I enjoyed Cambridge partly because, after a couple days, I started to feel at home there, I started to feel that I knew the layout of the city. I didn’t feel this way about London. Since Cambridge is small, one feels at home there quite quickly. If you enjoy walking, you’ll find Cambridge pedestrian-friendly, and you’ll enjoy learning its streets and paths.

St. John’s College, Cambridge University

The low point of our Cambridge stay was renting a car, and discovering that driving on the left side is (for one accustomed to driving on the right) more difficult than one might suppose. This difficulty was compounded by the difficulty of finding one’s way in Cambridge. (We met a tourist who said that finding his hotel in Cambridge took him as long as driving from London to Cambridge.) At first, I couldn’t get the car in reverse, and I felt like a turtle that had been turned on its back and could do nothing but flail its legs in the air. A rented car is not an unmixed blessing, but on the whole, it made our trip more enjoyable, and I don’t regret our decision to rent a car.

Since driving was difficult, we didn’t make any auto excursions into the country around Cambridge (as we had planned to), but we did make one foot excursion: a 2-mile walk along the river to the village of Grantchester. There were blackberry bushes along the path, and we vowed to return someday when the berries were in season. Grantchester’s claim to fame is that Rupert Brooke, an English poet who died in World War I, lived there for a time, after his graduation from King’s College in Cambridge. Brooke is best known for these immortal lines:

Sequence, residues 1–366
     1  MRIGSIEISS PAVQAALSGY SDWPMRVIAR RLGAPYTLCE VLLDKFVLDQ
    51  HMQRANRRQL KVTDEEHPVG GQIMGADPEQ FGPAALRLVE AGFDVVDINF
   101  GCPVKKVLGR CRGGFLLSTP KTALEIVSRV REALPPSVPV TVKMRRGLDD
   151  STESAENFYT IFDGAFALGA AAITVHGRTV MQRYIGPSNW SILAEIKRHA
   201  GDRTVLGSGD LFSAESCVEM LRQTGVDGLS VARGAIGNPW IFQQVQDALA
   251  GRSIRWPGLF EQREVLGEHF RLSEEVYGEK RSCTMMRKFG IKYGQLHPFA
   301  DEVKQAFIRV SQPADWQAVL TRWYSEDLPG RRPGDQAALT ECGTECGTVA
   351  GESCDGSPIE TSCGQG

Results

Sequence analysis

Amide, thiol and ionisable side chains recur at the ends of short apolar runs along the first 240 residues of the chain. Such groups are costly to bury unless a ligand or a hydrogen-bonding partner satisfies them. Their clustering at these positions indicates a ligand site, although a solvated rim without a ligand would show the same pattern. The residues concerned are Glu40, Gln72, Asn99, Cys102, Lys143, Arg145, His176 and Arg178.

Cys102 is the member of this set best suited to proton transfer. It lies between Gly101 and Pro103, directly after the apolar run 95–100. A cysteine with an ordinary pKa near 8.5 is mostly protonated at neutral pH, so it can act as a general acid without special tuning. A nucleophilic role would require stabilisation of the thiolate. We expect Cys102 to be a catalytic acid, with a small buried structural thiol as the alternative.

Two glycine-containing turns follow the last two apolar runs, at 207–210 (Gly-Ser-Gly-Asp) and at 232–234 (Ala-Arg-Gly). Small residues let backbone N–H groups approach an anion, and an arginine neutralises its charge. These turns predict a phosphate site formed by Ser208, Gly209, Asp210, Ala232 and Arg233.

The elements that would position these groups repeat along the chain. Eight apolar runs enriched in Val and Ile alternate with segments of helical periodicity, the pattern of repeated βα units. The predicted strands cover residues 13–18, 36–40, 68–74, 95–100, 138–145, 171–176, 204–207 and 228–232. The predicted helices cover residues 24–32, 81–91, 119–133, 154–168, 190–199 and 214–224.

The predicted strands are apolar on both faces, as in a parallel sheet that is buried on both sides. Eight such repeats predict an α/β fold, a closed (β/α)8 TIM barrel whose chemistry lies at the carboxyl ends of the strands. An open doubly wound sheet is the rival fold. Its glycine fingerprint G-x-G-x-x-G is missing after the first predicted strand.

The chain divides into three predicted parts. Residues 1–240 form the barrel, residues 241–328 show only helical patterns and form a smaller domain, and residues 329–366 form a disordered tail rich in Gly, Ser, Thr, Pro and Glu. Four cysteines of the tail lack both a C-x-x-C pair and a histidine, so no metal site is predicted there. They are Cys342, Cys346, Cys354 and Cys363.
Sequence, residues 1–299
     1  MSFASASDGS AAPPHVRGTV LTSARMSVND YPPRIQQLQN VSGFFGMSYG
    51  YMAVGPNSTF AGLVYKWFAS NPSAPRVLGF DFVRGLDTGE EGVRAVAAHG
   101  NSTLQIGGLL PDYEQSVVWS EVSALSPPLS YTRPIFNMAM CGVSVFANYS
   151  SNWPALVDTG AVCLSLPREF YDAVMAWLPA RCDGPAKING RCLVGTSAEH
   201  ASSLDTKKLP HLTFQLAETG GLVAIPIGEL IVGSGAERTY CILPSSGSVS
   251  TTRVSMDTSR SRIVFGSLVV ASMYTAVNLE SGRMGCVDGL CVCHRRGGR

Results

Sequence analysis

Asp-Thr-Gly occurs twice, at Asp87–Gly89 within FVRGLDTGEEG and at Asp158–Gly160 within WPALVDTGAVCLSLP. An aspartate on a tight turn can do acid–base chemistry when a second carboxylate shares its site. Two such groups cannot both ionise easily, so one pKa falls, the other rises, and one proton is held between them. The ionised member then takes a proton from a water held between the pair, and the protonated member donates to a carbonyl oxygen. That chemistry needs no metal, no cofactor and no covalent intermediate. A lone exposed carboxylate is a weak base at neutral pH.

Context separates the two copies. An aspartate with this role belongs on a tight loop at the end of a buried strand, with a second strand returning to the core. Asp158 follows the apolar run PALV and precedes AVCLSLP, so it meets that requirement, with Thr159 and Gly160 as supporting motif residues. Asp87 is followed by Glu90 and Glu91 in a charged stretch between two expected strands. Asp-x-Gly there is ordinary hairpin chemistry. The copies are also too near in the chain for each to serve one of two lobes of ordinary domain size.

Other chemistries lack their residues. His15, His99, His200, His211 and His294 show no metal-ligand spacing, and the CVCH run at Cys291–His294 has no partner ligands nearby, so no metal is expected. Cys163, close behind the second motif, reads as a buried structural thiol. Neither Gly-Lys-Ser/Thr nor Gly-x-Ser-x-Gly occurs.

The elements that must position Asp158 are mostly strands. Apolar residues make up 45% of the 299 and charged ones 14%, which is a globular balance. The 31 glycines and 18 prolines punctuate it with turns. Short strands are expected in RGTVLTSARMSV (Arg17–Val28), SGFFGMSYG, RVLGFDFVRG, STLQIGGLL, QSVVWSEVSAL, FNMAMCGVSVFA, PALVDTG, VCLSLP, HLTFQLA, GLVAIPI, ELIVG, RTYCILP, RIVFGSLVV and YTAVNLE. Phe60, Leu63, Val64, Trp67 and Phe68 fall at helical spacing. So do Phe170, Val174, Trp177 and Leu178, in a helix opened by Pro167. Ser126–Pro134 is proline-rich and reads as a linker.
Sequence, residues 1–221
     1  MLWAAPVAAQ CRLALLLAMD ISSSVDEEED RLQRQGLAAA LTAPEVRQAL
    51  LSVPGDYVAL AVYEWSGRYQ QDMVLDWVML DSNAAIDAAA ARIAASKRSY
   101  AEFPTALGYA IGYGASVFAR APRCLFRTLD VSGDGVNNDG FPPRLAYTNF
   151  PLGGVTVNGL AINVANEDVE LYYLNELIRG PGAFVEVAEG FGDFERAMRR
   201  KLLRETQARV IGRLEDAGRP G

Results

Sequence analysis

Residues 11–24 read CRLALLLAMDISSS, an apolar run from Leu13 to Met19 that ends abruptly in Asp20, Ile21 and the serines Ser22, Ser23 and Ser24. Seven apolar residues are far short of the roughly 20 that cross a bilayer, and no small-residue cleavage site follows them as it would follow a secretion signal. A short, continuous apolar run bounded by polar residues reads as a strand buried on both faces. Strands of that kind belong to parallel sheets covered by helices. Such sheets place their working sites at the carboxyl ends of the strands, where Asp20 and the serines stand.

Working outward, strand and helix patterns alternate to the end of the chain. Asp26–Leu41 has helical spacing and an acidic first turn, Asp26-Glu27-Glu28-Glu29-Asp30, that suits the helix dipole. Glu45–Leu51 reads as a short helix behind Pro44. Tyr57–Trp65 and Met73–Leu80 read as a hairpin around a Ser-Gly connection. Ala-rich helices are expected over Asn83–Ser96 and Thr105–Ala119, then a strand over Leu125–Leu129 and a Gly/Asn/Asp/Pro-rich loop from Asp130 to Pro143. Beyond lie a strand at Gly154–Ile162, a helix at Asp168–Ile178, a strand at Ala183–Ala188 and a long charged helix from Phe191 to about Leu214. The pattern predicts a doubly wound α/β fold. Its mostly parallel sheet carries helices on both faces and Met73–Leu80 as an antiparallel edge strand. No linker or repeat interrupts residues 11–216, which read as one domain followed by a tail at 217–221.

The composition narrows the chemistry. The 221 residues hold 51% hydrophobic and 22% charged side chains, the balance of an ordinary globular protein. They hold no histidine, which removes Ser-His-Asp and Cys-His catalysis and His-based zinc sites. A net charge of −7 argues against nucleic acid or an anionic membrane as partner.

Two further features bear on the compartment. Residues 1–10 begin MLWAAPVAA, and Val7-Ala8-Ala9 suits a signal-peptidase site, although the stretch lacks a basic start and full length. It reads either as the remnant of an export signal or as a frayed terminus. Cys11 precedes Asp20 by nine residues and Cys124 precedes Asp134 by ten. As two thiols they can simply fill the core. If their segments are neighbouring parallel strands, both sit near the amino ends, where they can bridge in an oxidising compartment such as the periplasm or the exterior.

If I should die think only this of me
That there’s some corner of a foreign field
That is forever England.

Are these lines an anticipation of the author’s early death? Brooke died in 1915, at the age of 27, and was buried on the Greek island of Skyros. He once remarked that he would like to be buried on a Greek island. Was this remark, too, an anticipation of the fate that lay in store for him?

In 1912, when Brooke was living in Berlin, he wrote a nostalgic poem about Grantchester, where

        you may lie
Day long and watch the Cambridge sky,
And, flower-lulled in sleepy grass,
Hear the cool lapse of hours pass,
Until the centuries blend and blur
In Grantchester, in Grantchester....
God! I will pack, and take a train,
And get me to England once again!
For England’s the one land, I know,
Where men with Splendid Hearts may go;